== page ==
I read the transcript of the interview Mark Ramsey did with Gordon Borrell about how radio advertisers are less interested in audience and more interested in a buyer. It got me to thinking about my own radio sales experiences over my career.
Live by the Numbers, Die by the Numbers
Anyone who sells in a rated market has probably heard that phrase about what happens when all you sell are your ratings numbers. But what happens in unrated radio markets? How do these folks sell?
Cash Register Rings
Early in my radio career I landed my first general manager position at the age of thirty. It was as GM of an Al Ham formatted “Music of YOUR Life” thousand watt AM daytimer with no pre-sunrise or post-sunset authorizations.
In a market with no audience ratings measurement what we did was create a fan club for our listeners. We then created a fan club book of the names and locations our listeners lived. This book included state representatives, mayors, major business owners and even television & movie stars. It was a pretty impressive foot-in-the-door and helped us to close many sales.
But the way we measured the impact of our advertisers’ radio commercials were in cash register rings. That’s the real measure of R.O.I. (Return On Investment) for local owner/operators.
Does Anybody Really Listen to THAT Music?
I remember calling on the manager of our local Agway store as if it were yesterday. Rick Hurd was his name and he was about as old as I was at that time. He loved contemporary music and the big band selections my station played were definitely NOT his “cup of tea.”
“Does anybody really listen to THAT music?” he always asked. I said “YES, lots of people do and they are the very people who own the big country estates that you should be doing business with.”
After lots of weekly calls, Rick Hurd gave me my opportunity to show what my radio station could do.
Tell Our Advertisers You Heard About Them on “The Music of YOUR Life”
A key component of my marketing strategy was to air on a continuous basis how important it was for listeners of my radio station to tell our advertisers they were listening. We did this in a variety of ways and made sure to keep this type of messaging fresh.
Shortly after Rick began his Agway store advertising on my radio station, I stopped in to see how it was going. He said, “Dick, I still find it hard to believe that anyone enjoys the music you play over the radio, but WOW are those folks ever vocal and passionate about your radio station.” “I hear about your radio station at least once an hour from customers, some of whom I’ve never seen in the store before,” he told me.
How Many Listeners Do You Need to Be Effective?
I won’t ever know how many listeners we had to that radio station, but I do know how many were in our fan club.
The “secret sauce” of our marketing was making sure our audience understood how important it was for them to tell our advertisers they were listening and that they loved our programming and that in order to keep it on-the-air, they needed to patronize our advertisers and tell them what brought them into their place of business.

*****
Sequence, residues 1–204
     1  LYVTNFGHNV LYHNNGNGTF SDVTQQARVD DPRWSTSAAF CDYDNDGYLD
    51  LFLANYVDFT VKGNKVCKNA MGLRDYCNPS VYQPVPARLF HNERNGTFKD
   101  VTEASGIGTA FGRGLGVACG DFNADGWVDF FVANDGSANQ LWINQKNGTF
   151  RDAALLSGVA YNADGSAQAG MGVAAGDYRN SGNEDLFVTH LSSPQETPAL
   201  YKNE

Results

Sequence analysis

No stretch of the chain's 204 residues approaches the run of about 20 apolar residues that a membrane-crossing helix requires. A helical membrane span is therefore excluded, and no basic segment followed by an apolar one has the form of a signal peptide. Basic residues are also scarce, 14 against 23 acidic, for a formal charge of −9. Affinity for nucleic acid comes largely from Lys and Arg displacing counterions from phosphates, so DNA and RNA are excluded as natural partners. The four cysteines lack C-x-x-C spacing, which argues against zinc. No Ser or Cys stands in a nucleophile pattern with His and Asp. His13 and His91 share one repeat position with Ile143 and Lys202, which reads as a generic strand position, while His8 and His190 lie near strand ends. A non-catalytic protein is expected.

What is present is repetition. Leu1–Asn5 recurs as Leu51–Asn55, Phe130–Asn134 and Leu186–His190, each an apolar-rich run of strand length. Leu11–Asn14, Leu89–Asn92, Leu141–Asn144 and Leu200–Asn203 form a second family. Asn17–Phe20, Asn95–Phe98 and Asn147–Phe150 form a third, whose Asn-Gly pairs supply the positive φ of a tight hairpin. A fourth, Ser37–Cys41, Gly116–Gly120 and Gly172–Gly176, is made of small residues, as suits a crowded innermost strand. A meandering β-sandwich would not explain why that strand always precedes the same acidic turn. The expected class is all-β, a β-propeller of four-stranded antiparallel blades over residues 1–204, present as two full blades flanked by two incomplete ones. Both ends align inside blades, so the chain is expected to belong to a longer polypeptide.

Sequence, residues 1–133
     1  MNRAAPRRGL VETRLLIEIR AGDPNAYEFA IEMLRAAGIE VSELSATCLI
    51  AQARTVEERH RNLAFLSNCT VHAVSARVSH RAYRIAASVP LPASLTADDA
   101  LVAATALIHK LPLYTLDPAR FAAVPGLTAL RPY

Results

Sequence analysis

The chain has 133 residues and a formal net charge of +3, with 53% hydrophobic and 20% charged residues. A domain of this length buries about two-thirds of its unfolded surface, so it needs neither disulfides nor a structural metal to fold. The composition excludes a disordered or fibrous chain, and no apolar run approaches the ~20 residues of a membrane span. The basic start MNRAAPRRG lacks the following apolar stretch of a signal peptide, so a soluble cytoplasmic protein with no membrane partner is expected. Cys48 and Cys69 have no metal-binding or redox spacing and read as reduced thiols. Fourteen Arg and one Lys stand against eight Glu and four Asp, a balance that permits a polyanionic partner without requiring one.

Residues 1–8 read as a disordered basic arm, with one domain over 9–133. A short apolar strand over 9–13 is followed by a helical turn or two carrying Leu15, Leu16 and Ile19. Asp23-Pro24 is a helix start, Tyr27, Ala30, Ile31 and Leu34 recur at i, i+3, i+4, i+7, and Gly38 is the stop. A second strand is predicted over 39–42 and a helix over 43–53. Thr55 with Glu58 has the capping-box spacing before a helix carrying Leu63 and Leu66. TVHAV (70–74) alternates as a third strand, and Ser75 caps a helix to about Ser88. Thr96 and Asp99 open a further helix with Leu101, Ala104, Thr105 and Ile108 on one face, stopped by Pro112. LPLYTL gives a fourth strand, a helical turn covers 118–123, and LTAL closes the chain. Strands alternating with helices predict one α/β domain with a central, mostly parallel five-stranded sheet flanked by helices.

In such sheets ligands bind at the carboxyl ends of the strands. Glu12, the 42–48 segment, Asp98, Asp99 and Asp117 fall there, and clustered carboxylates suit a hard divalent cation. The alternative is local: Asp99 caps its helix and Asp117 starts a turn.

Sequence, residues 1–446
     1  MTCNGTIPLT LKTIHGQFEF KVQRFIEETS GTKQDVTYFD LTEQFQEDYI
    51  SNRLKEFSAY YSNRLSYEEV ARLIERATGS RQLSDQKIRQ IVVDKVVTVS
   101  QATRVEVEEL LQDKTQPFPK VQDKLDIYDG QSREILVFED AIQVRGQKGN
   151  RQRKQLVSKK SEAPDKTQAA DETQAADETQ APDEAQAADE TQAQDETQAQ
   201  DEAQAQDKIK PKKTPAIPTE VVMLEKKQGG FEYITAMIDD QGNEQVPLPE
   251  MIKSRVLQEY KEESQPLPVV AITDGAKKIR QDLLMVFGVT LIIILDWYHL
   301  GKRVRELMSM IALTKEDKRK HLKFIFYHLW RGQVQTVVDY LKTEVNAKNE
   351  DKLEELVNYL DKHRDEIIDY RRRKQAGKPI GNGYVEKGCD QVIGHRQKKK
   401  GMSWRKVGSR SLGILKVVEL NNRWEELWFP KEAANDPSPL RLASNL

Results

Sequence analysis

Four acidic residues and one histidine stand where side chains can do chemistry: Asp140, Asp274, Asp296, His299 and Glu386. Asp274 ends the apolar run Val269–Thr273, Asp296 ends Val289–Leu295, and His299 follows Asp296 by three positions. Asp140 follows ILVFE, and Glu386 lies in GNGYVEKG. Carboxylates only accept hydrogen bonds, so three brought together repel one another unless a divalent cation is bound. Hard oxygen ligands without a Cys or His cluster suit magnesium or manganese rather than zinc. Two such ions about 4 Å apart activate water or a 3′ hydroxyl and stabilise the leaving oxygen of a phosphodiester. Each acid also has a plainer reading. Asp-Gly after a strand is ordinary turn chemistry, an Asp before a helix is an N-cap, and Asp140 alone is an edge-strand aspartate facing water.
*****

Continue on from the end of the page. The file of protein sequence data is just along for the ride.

Bonneville Beautiful Music
Based on the sales success I had with an AM daytimer, my company’s President/CEO promoted me to general manager of his newly acquired Atlantic City radio stations. The AM station was a thousand-watt full-time news & information station and the FM was a 50,000-watt Bonneville Beautiful Music formatted radio station. Both stations appealed to a senior audience.
Atlantic City was a rated market and so Arbitron Ratings were important, especially for the advertising agencies out of New York, Philadelphia, Baltimore etc.
But what we really sold was the quality of our audiences and we worked very hard to build personal relationships with all of the buyers.
As general manager, I often went on out-of-town trips with my director of sales to call on the people who bought the advertising. We constantly heard “we’ve never met anyone from any of the radio stations in Atlantic City before.”
Relationships are VERY important in the radio business.
And as Simon Sinek likes to say “People don’t buy what you do, they buy why you do it.”
Another factor I employed in talking about the quality of our audience and the tremendous buying power they wielded came from the research of Dr. Ken Dychtwald that he conducted during the period of 1973 to 1979.
In 1986 Dr. Dychtwald coined the term “Age Wave” and formed a company to consult companies on how to market to a mature market.
I devoured Ken’s book and used it to market my Atlantic City radio stations to advertisers.
Key Factors to Consider
The Age Wave http://agewave.com/ website lists four key factors that will reshape supply and demand as the boomers move into maturity. The two that radio should be considering how to leverage are:
- Boomers will have increasing amounts of discretionary dollars (for many) over the long-term as a result of escalating earning power, inheritances, and investment returns
- Boomers will undergo a psychological shift from acquiring more material possession and towards a desire to purchase enjoyable, satisfying, and memorable experiences
The future is filled with challenges and opportunities, but then that’s always been the case for those who could see them and were willing to roll up their sleeves.
16 responses to “NOT the Music of MY Life”